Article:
Can money buy happiness? If the Chinese growth story is to be believed, the answer is no.
Despite their per capita income being nearly 20 times what it was in the late ’80’s, the Chinese have experienced a decline in life satisfaction.
China’s growth model has not been completely “happy,” according to the Oxford Companion to the Economics of China ,write Shenggen Fan of the IFPRI, Ravi Kanbur of Cornell University, Shang-Jin Wei of Columbia University and Xiaobo Zhang of Peking University.
“[D]espite the multiplication of real incomes in the past three decades, China’s life satisfaction did not improve. A large annual survey conducted by China’s Central TV (Wei and Zhang, 2013) disclosed that the average happiness score has steadily declined from 2005 to 2011.”
They believe there are four reasons for this:
1. The relative wealth effect:
As income increases, people’s aspiration primes to a new target. Relative deprivation is a widespread phenomenon. For example, when seeing neighbours suddenly getting rich, one may feel relatively deprived and less happy even though his own income does not change at all.”
2. While the Chinese economy has done well overall, there is a large rural-urban gap in income:
“The large rural-urban gap in income and access to public service has been a defining feature of the contemporary Chinese economy, generating a major source of resentment for rural residents. Although during the reform period, health indicators have improved, their rural-urban gap has widened.”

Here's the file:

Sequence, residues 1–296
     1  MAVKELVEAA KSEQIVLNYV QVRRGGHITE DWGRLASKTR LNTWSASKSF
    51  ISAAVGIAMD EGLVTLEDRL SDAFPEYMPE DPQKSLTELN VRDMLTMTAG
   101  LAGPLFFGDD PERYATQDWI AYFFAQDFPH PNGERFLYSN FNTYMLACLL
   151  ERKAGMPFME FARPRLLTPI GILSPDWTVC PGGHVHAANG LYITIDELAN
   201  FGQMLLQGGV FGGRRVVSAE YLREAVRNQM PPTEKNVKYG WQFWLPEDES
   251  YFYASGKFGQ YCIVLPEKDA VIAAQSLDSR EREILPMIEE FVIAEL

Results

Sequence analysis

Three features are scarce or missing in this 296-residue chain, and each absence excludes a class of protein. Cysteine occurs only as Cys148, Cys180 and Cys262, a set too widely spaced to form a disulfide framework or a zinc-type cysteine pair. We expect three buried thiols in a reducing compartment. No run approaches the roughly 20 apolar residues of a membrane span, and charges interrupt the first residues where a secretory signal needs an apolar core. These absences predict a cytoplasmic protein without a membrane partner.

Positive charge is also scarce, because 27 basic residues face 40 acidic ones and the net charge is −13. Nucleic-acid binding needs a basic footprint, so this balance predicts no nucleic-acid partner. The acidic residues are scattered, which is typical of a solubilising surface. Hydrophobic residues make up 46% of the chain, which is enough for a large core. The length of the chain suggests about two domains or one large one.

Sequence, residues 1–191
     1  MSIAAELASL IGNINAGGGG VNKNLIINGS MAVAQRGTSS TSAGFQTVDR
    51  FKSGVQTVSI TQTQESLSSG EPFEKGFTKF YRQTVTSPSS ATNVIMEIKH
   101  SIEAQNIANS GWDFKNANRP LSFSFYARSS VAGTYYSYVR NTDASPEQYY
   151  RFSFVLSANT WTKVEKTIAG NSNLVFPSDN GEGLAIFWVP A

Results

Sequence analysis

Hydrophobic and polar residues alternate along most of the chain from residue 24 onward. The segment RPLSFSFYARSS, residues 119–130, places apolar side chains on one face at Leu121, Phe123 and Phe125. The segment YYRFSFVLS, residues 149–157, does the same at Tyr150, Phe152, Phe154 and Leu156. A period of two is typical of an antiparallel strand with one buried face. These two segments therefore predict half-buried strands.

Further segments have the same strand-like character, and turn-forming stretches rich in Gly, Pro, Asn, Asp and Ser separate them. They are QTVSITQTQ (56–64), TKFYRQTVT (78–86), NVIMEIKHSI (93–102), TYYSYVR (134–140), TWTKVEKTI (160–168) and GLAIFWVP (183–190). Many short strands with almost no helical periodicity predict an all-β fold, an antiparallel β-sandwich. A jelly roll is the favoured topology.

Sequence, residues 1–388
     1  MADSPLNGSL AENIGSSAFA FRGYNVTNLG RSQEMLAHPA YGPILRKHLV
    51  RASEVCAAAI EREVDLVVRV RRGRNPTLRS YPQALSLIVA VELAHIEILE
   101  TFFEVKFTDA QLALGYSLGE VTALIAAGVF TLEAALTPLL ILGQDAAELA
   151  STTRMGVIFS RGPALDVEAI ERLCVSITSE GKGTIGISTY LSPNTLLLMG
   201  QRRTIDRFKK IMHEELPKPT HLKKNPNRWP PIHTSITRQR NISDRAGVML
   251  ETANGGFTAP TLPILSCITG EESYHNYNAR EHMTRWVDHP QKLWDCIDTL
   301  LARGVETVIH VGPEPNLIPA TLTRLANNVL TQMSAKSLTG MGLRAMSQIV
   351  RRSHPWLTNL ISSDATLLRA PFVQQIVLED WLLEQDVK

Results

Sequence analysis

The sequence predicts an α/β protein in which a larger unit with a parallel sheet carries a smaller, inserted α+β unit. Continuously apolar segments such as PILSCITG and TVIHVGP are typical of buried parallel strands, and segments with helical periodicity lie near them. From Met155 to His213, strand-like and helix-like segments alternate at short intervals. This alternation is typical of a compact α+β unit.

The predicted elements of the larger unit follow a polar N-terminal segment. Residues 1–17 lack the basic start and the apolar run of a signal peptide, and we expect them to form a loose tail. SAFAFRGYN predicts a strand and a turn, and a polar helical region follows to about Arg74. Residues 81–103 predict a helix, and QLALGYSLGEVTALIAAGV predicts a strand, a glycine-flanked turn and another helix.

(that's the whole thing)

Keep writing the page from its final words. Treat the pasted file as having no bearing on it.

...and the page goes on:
3. The higher education gap between rural and urban populations has widened:
“Thanks to the nine-year mandatory education law introduced in 1986, illiteracy rate has largely been eliminated in both rural and urban areas (Li, entry in this volume). However, the access to higher education has widened. In the late 1970s, most of the college students came from rural areas. However, the share of rural student dropped to only 10% in elite universities in recent years. There is an emerging trend that many rich families send their children abroad for college, even high school education. The number of studying abroad has increased at an annual rate of 25% in the past decade. Of course, the share of studying abroad among rural families was much lower than their urban counterparts.”
4. The state of the environment hasn’t helped:
“Some undesirable outcomes of growth negatively affect people’s life satisfaction. Environment problems and food safety are now among the top concerns of urban residents. The heavy smog in Beijing in early 2013 highlighted the seriousness of the problem. The pollution index in Beijing exceeded the safety threshold for 19 days out of 31 days (Washington Post, 2013). Two Chinese cities command the top spots in the lists of the world’s 10 most polluted places. Air pollution has become a national problem.”